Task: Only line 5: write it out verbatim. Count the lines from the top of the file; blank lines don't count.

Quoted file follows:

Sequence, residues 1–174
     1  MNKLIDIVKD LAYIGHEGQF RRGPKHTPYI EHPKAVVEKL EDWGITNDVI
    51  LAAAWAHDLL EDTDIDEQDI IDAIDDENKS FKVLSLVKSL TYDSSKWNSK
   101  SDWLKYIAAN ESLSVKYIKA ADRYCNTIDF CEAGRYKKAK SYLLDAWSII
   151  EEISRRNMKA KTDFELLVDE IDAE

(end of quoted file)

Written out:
   151  EEISRRNMKA KTDFELLVDE IDAE